Natural Process Collection
What we know of as coffee beans are actually the pits, or seeds, of the fruit, or cherry, of the coffee plant that have been harvested, processed, dried, and roasted before you are able to grind and brew them into coffee.
Coffee cherries are usually a deep red wine color when ripe, though some varieties are yellow instead, and are high in sugar and moisture content when they are hand harvested and transported to a central processing station, either on the farm, or at a cooperative mill nearby.
Once at the processing station, or mill, coffee must go through one of a few different processing methods to begin its journey to the coffee with which we are familiar. The oldest of these processing methods, and the focus of this collection, is the Natural Process or Dry Process. Natural processing is the way coffee was originally processed after harvest in Ethiopia, the origin of all coffee grown in the world.
On its face, the Natural Process is simple; harvest coffee cherries at peak ripeness and spread those cherries on a stone patio or raised drying bed, turning constantly, until the cherry sun-dries to an appropriate moisture level, much like the process of sun-drying tomatoes, or grapes to become raisins. Once the ideal moisture content is reached, the dried cherry and husk are milled off the seed and it is ready for transport to roasters like us. Though the concept is simple, the process itself is risky and requires constant maintenance to avoid mold, contamination, or other potential hazards that would ruin an entire harvest of coffee.
Natural Process coffees are ideal for some growing regions where water is scarce (other processing methods such as the Washed Process use a great deal of water). Yemen, for instance, produces Natural Process coffees exclusively, while the practice is far less common in areas like Central and South America where water resources are far more abundant.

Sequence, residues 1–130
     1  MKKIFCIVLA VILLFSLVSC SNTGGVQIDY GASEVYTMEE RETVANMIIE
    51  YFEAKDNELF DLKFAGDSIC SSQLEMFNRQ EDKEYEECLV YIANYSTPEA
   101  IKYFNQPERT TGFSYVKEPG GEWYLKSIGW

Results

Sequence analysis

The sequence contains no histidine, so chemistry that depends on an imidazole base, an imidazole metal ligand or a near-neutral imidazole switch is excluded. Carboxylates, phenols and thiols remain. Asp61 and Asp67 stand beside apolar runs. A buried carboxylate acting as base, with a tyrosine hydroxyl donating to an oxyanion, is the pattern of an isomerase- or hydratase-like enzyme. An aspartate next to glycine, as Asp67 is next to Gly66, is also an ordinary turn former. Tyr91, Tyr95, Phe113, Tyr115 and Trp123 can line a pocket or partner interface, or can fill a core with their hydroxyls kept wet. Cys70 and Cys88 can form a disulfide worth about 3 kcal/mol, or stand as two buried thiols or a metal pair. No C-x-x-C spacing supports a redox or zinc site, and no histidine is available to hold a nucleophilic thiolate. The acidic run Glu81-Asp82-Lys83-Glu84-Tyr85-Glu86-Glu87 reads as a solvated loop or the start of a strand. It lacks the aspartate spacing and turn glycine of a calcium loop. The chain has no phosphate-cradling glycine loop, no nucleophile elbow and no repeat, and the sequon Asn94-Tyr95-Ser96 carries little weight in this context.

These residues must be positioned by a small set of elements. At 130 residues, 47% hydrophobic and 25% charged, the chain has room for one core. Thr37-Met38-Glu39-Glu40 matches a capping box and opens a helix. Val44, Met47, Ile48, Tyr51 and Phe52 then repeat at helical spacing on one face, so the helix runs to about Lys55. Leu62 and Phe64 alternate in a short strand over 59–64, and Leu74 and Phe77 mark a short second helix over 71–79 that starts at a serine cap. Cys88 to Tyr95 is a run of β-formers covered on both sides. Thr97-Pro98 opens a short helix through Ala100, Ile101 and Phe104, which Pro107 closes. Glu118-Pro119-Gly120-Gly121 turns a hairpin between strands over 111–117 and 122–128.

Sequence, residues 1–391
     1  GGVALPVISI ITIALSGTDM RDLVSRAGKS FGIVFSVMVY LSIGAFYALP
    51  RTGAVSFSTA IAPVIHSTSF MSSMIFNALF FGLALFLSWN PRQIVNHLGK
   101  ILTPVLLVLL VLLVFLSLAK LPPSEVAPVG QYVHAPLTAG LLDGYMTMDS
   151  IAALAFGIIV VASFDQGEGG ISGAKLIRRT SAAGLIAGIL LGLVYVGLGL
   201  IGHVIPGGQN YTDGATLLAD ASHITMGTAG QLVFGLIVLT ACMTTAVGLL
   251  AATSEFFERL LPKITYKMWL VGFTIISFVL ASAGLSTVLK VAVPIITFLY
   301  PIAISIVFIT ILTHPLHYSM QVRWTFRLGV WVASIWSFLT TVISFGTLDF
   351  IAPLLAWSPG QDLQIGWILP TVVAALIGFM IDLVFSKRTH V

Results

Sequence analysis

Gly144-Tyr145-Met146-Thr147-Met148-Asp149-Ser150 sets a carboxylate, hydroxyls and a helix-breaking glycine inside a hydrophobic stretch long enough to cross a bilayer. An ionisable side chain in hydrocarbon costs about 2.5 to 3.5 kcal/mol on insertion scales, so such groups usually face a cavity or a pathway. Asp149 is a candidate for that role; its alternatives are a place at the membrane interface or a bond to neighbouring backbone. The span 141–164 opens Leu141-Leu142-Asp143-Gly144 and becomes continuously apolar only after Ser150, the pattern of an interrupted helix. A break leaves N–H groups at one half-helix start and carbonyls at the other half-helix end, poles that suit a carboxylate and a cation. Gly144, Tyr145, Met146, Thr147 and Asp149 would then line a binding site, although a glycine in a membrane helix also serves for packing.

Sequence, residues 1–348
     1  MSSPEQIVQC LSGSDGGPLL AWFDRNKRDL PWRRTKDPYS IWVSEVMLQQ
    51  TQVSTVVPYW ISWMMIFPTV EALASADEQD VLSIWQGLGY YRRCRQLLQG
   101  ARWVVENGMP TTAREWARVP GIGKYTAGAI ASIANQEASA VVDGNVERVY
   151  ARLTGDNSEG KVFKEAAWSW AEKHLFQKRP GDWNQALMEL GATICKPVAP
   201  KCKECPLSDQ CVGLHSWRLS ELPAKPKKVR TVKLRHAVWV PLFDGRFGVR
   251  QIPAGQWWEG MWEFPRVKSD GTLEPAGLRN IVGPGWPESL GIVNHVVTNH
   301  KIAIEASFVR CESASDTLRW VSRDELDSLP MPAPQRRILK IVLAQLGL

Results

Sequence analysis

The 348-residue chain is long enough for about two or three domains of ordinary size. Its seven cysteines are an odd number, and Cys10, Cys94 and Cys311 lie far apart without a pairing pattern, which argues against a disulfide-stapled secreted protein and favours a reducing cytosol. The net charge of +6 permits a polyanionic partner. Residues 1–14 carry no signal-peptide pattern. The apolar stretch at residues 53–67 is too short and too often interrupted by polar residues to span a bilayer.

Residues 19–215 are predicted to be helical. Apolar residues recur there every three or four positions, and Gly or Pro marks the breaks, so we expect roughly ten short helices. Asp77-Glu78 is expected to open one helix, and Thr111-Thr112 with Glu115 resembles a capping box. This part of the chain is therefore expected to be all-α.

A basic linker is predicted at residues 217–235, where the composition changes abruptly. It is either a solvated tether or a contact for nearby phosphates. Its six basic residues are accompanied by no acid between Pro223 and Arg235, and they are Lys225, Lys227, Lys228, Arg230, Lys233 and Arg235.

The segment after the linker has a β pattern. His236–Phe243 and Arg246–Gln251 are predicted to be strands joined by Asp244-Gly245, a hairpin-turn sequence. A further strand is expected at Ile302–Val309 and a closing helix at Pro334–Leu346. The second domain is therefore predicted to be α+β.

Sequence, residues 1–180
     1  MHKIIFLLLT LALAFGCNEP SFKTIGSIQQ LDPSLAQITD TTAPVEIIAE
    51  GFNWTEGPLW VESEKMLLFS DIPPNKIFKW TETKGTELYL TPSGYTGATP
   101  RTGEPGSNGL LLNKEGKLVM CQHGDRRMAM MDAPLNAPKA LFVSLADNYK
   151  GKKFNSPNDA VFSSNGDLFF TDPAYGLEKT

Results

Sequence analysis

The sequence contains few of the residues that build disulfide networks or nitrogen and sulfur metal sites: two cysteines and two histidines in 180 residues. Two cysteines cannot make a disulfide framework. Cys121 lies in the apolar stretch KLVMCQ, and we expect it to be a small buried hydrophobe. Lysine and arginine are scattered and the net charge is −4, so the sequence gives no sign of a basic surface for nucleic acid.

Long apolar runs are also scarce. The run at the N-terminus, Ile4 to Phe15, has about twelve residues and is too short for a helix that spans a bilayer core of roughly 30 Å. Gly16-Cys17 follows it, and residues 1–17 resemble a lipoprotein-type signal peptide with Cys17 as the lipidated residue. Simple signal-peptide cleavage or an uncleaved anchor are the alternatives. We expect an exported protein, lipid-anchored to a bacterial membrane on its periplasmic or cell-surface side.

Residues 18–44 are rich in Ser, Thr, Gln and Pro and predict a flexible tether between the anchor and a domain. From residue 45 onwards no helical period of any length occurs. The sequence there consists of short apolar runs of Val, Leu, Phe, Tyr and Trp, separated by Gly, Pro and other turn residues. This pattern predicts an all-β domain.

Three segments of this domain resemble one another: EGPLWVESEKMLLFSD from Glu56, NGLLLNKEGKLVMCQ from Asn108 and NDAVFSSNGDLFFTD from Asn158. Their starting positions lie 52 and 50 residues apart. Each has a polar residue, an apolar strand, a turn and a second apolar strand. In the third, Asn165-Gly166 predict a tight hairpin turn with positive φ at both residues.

From a flavor perspective, Natural Process coffees can be wild, unpredictable, and exciting in the cup. As the cherry dries onto the seed, the sugars in the cherry naturally ferment, and those fermenting sugars and acids absorb into the seed, so coffees processed in this manner often have intense dried fruit aromas and flavors, as well as hints acetic acid, balanced with deep, intense sweetness. The process also tends to deepen the coffee's body (think about the difference in body of a raisin versus a grape); this richness of body often adds a heavy chocolatey character to the cup.
Because there is so much potential for variation in the Natural Process, it is often difficult to create consistent flavor and balance harvest to harvest, or even within a single harvest. For this reason, many farmers and mills shy away from producing Natural Process coffees, but when a producer executes the technique properly, the results can be absolutely stunning cups of coffee. Our collection of Naturals, including coffees from Ethiopia, Costa Rica, Colombia, and Brazil, are exemplary of the very finest Natural Process coffees, and we're excited to share them with you.